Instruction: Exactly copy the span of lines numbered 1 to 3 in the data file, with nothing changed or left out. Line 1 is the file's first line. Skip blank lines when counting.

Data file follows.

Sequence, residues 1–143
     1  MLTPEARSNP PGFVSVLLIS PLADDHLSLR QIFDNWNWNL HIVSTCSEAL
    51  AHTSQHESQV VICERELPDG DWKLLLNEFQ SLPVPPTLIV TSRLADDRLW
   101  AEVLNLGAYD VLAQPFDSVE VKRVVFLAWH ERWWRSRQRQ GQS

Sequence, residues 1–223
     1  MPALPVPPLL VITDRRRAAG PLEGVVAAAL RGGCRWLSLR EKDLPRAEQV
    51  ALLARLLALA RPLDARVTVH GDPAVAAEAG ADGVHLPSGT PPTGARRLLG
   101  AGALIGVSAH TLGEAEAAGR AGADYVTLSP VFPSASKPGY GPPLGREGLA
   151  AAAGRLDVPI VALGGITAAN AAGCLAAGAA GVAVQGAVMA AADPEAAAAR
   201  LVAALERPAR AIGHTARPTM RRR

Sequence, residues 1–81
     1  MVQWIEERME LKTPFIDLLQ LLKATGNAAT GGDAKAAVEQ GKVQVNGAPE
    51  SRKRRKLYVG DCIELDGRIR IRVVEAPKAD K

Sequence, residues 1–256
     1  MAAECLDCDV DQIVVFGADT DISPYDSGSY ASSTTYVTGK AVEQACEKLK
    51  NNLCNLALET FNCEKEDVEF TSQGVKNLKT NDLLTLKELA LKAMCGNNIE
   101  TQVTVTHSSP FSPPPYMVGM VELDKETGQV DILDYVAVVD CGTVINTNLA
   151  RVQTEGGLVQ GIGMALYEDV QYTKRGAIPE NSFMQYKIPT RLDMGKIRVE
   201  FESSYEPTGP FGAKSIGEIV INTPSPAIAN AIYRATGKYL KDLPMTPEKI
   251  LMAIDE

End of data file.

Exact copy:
Sequence, residues 1–143
     1  MLTPEARSNP PGFVSVLLIS PLADDHLSLR QIFDNWNWNL HIVSTCSEAL
    51  AHTSQHESQV VICERELPDG DWKLLLNEFQ SLPVPPTLIV TSRLADDRLW